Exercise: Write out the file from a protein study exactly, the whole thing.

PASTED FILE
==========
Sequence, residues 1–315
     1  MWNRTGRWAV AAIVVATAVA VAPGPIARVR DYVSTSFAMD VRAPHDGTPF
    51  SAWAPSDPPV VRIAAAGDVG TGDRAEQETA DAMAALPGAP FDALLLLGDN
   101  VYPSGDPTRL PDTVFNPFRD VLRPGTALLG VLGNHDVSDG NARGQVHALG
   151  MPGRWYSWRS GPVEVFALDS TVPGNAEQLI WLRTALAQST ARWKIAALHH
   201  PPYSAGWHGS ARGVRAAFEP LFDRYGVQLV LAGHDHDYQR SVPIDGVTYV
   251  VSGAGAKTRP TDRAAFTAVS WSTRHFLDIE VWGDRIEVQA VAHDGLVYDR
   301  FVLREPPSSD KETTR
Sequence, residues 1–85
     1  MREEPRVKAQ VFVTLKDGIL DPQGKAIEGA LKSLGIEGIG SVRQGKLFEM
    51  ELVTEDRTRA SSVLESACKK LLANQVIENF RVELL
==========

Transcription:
Sequence, residues 1–315
     1  MWNRTGRWAV AAIVVATAVA VAPGPIARVR DYVSTSFAMD VRAPHDGTPF
    51  SAWAPSDPPV VRIAAAGDVG TGDRAEQETA DAMAALPGAP FDALLLLGDN
   101  VYPSGDPTRL PDTVFNPFRD VLRPGTALLG VLGNHDVSDG NARGQVHALG
   151  MPGRWYSWRS GPVEVFALDS TVPGNAEQLI WLRTALAQST ARWKIAALHH
   201  PPYSAGWHGS ARGVRAAFEP LFDRYGVQLV LAGHDHDYQR SVPIDGVTYV
   251  VSGAGAKTRP TDRAAFTAVS WSTRHFLDIE VWGDRIEVQA VAHDGLVYDR
   301  FVLREPPSSD KETTR
Sequence, residues 1–85
     1  MREEPRVKAQ VFVTLKDGIL DPQGKAIEGA LKSLGIEGIG SVRQGKLFEM
    51  ELVTEDRTRA SSVLESACKK LLANQVIENF RVELL